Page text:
Insights du Jour - 2015-01-20

  • Just before I cut out for the long weekend, James Taranto provided a handy rebuttal to those willing to suppress "hate speech". RTWT if you can, but here's the key paragraph:

    The trouble with policing hate speech is that without double standards there are no standards at all. As a practical matter, what defines hate speech is not the feeling that motivates the speaker, which can be policed only through totalitarian means if at all. It is, rather, the offense taken by the listener. The best definition of hate speech is “speech I hate”—the opposite of an objective standard.

  • As I type, President Obama's penultimate State of the Union address is scheduled for tonight. Recycling a bit of Kevin D. WIlliamson's wisdom from last year:

    The annual State of the Union pageant is a hideous, dispiriting, ugly, monotonous, un-American, un-republican, anti-democratic, dreary, backward, monarchical, retch-inducing, depressing, shameful, crypto-imperial display of official self-aggrandizement and piteous toadying, a black Mass during which every unholy order of teacup totalitarian and cringing courtier gathers under the towering dome of a faux-Roman temple to listen to a speech with no content given by a man with no content, to rise and to be seated as is called for by the order of worship — it is a wonder they have not started genuflecting — with one wretched representative of their number squirreled away in some well-upholstered Washington hidey-hole in order to preserve the illusion that those gathered constitute a special class of humanity without whom we could not live.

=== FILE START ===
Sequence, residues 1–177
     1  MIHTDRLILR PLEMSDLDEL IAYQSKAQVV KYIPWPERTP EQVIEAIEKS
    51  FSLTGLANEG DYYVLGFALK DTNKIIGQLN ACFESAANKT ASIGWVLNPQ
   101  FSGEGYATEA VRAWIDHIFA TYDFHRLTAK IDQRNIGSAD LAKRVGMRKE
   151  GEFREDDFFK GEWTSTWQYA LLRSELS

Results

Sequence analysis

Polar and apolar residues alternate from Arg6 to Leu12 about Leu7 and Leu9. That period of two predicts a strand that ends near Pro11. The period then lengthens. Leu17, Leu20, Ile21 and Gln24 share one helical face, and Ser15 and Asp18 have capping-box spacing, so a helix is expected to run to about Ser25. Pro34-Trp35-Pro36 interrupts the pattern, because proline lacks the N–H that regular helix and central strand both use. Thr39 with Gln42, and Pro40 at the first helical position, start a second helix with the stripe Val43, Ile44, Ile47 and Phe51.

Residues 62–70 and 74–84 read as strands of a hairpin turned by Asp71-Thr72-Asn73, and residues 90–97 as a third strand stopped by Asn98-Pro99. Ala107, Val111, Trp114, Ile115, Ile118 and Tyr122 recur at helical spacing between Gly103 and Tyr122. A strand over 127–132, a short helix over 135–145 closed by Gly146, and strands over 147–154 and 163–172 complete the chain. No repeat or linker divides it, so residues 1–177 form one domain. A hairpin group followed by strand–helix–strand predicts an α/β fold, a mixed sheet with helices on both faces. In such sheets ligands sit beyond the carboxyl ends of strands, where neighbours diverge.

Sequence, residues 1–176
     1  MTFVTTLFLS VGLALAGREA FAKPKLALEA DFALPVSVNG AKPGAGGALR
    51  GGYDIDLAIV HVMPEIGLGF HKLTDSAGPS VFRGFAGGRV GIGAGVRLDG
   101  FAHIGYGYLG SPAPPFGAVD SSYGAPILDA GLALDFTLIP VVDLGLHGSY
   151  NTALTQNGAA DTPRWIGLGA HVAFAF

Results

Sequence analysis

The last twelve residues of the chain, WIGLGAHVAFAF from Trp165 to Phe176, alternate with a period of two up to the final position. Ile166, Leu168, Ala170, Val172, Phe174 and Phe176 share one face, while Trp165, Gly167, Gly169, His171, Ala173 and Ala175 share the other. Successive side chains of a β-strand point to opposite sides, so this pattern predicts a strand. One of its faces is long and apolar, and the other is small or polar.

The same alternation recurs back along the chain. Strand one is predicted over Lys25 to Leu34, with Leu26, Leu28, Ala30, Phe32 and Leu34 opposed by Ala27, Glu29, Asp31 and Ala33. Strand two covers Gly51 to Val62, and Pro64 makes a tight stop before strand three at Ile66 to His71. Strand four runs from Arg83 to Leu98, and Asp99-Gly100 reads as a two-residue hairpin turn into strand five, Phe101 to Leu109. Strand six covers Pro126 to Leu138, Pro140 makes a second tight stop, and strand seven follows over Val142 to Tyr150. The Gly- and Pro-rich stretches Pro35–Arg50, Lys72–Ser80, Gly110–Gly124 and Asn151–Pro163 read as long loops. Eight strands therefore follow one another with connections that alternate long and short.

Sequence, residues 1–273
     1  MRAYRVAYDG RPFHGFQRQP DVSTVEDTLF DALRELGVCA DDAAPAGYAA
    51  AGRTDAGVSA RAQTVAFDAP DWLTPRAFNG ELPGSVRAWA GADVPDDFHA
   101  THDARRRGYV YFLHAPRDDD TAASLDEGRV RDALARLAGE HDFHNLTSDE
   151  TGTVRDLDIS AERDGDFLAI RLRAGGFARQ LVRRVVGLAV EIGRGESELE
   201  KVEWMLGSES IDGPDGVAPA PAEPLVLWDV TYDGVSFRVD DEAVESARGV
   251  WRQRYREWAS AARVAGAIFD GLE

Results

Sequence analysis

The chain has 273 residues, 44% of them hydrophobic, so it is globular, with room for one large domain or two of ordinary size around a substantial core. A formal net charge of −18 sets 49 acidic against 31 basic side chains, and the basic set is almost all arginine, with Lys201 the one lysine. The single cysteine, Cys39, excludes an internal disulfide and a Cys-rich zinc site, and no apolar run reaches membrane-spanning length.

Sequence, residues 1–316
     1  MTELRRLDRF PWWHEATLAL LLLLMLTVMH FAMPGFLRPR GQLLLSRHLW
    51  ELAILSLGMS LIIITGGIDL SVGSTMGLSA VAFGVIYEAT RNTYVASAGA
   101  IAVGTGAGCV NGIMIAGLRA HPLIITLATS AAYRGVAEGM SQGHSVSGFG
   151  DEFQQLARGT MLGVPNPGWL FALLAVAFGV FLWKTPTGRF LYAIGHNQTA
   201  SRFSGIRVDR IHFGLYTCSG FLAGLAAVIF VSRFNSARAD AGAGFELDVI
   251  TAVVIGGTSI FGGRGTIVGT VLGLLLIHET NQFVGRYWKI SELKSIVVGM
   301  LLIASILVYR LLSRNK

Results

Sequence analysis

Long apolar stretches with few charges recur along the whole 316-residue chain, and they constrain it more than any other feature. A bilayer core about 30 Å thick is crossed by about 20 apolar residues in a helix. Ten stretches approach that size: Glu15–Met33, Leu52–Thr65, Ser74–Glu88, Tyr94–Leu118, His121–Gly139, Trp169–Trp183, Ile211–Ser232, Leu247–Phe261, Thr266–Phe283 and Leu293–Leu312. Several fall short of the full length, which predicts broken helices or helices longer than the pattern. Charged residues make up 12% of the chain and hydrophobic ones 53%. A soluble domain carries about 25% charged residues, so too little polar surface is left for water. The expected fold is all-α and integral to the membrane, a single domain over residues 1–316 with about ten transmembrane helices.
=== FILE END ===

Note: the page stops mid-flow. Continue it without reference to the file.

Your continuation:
"Other than that, though, it's fine!"

  • Your insightful tweet du jour is from the immortal Nick Searcy:

    That's 10pm on FX, and I'll be there.

Last Modified 2019-01-09 6:38 AM EDT

The Wind Rises

[4.0 stars] [IMDb Link] [Amazon Link]

A recent offering from the genius Japanese animation folks Hayao Miyazaki and Studio Ghibli. It's a (highly fictionalized) biographical drama about Jirô Horikoshi, the primary aeronautical engineer behind the WW2 "Zero" Japanese fighter plane. (Which was used to kill a lot of Americans, but Jirô gets a "Werner von Braun" pass for this.)

Growing up in early-20th century Japan, young Jirô is obsessed with airplanes, but his lousy eyesight precludes him from being a pilot. Fortunately (since this is a Miyazaki flick) his future path comes to him in a dream, where he meets his hero, aircraft designer Italian Count Caproni, who doesn't actually pilot his planes either. Jirô sets doggedly on his path.

The story follows Jirô through his education and employment with Mitsubishi. Along the way, Jirô meets Nahoko, the love of his life, during a train trip to Tokyo. Which is disrupted by the 1923 Great Kantō earthquake, probably the deadliest in Japan's history; Jirô behaves heroically, saving Nahoko and her caregiver. Various other things happen, including some bad/sad things. It's a little unfocused, much like real life is.

All this is charmingly and gorgeously rendered on the screen, because it's Studio Ghibli. It's a bit of a departure from their usual pure-fantasy genre, but it worked for me.

Last Modified 2015-02-02 5:45 AM EDT